PLANS to ban smacking children in Wales are not intended to criminalise parents, Carwyn Jones has said.

The Welsh Government is planning on introducing new legislation which would remove the defence of 'reasonable chastisement' in cases of assault or battery. Although this would not make smacking children a crime, it would mean parents would not be able to rely on this defence in court.

But, speaking in the Senedd yesterday, leader of the Assembly's Ukip group Caroline Jones questioned the plans, saying: "Do we have the right to tell parents how to discipline their children?"

Addressing Carwyn Jones, she asked: "Can you let us know what convinced you of the need to introduce the legislation now?"

The first minister replied: "The objective of the bill is not to prosecute people needlessly, but to look at diversion if there is a first incident and then only look at prosecution if there are subsequent incidents.

"So, it's certainly not the intention to see a spate of prosecutions where there is a first instance."

He added: "I think it's another step that people will see as being important in terms of getting the balance right between chastisement and protection of children.

"I was in this chamber, as were many others, before the smoking ban came in and there were many who opposed that, and now it's accepted. Nobody - well, very few people - argue with the smoking ban and the fact that it is in place."

Cardiff North AM Julie Morgan, who has long campaigned for smacking to be banned and in 2000, while serving as an MP, spoke in Parliament on the issue, welcomed the proposal.

"I'm repeatedly reminded that politics is a long game," she said. "In any case, I'm very pleased that it has finally reached this point, and, if passed, Wales will join the growing list of countries that are removing this defence.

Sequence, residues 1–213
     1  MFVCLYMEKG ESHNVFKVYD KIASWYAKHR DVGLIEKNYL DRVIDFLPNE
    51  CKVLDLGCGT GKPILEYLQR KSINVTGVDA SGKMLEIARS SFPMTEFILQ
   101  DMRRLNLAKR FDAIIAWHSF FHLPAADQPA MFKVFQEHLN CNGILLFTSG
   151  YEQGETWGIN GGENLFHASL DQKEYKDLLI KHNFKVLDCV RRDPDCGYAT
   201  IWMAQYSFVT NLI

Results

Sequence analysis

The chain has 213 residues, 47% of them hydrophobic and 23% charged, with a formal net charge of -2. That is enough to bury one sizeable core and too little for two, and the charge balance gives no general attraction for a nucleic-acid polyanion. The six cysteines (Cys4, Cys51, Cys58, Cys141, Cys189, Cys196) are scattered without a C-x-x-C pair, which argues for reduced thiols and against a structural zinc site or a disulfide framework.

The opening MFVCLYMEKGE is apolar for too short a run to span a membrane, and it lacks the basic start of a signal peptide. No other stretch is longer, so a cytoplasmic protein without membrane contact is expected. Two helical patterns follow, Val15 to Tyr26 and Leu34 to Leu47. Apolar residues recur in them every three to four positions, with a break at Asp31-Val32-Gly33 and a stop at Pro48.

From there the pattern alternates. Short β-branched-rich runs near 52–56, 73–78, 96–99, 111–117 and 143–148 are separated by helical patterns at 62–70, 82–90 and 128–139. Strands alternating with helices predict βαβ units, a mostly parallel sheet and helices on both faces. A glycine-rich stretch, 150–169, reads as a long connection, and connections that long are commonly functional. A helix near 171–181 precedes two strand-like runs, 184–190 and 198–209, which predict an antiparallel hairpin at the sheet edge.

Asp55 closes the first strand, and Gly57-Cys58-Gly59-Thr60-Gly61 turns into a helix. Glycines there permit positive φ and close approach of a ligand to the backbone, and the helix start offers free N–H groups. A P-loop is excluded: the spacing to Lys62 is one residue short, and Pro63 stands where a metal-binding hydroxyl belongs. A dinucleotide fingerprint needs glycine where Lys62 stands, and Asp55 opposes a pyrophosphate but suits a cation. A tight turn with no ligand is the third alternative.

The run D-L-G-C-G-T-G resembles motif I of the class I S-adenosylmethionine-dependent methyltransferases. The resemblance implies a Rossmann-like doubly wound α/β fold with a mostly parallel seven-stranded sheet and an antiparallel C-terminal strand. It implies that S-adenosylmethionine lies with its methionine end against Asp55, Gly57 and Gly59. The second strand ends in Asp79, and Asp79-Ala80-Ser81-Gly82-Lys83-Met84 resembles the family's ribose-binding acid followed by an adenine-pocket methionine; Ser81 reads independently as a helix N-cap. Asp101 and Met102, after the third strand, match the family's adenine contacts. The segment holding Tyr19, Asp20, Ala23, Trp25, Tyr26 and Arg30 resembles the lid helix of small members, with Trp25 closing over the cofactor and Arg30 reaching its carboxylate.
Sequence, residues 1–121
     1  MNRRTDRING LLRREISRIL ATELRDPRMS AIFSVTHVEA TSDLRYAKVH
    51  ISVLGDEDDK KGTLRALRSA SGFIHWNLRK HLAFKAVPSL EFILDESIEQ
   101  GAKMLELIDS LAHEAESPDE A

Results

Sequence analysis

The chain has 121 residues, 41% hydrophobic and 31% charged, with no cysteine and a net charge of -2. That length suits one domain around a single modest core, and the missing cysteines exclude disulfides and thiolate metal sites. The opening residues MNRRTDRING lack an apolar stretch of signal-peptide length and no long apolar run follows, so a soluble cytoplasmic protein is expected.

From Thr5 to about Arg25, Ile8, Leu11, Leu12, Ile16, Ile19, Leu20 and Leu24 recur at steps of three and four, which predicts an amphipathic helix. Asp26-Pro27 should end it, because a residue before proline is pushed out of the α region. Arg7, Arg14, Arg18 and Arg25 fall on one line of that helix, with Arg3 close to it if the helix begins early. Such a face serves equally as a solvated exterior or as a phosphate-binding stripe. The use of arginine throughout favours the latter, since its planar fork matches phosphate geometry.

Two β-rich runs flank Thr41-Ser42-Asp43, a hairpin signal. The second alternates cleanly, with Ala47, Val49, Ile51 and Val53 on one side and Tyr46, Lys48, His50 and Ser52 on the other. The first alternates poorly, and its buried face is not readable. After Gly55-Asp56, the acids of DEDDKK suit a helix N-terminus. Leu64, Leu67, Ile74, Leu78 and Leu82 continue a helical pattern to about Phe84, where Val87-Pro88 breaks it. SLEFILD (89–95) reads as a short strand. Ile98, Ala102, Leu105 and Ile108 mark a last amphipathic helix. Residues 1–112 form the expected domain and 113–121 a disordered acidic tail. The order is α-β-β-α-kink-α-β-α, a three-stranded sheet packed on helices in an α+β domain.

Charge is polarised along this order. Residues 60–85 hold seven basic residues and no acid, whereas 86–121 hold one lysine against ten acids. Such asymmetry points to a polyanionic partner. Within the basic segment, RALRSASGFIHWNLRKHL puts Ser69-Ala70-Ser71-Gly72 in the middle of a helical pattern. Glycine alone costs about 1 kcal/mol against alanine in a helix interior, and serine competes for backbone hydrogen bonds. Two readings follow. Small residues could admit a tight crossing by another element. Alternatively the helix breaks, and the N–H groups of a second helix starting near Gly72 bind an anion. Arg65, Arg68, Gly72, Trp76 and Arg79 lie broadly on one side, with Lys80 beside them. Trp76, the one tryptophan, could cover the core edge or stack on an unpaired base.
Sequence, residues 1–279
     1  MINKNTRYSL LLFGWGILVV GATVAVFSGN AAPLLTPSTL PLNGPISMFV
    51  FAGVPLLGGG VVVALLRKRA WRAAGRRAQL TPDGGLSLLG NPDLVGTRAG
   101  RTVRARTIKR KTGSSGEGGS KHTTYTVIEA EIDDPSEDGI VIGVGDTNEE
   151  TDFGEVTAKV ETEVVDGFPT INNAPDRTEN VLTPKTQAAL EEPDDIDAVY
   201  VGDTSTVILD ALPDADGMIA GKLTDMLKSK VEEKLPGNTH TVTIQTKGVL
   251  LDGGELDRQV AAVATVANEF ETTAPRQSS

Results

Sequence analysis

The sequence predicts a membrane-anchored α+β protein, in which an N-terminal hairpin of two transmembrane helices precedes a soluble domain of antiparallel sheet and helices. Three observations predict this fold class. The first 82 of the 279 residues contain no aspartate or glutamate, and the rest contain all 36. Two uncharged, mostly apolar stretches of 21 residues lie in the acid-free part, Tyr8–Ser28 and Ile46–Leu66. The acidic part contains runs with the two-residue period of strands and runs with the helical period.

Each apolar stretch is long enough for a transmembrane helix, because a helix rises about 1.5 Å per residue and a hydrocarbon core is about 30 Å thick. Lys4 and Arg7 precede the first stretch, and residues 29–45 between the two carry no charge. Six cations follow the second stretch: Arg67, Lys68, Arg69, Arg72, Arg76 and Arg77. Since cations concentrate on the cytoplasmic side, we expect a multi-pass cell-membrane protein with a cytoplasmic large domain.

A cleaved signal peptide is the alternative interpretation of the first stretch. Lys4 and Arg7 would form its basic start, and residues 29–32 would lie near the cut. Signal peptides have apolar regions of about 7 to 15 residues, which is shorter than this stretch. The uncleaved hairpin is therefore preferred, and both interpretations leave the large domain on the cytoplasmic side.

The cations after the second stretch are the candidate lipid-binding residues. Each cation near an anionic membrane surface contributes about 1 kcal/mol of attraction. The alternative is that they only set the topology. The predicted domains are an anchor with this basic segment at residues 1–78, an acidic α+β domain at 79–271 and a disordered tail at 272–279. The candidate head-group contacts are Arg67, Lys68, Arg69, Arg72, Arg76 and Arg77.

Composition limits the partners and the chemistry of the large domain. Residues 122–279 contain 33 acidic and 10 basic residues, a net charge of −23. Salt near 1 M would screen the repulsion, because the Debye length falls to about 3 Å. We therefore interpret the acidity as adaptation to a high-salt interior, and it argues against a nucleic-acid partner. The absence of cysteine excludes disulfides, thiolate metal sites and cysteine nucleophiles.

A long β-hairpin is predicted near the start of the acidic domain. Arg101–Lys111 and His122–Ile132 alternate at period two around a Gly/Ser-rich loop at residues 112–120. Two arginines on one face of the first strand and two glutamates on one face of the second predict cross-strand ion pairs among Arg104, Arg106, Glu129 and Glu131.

"There has been no evidence in those countries that there has been any increased criminalisation of parents.

"It seems a very normal practical step to take and I think, after this has been done and we have the no doubt spirited debate, we'll all wonder what all the fuss was about afterwards."

The first minister replied: "The intention is not to look to criminalise people as something that is the first intention, but to provide that support and to make sure that the message is understood by people.

"We know from practice in other countries that that's the way it has been done."

Earlier this month a report published by the Welsh Government showed the number of parents who said they had smacked their children in the past six months had halved in two years, from 22 per cent in 2015 to 11 per cent last year.

The study also showed 81 per cent said they do not believe "it is sometimes necessary to smack a naughty child" - up from 71 per cent in 2015.

Children's charity the NSPCC has also welcomed the plan.

A spokesman said: “The Welsh Government’s intention to remove the defence of ‘reasonable punishment’ in the coming year is hugely welcome.

“It is a common-sense move which is about fairness and equality for children.

“It is wrong that a legal defence which does not exist in a case of assault against an adult can be used to justify striking a child.

“Closing this loophole will bring Wales in line with dozens of countries around the world and finally give our children equal protection under the law.”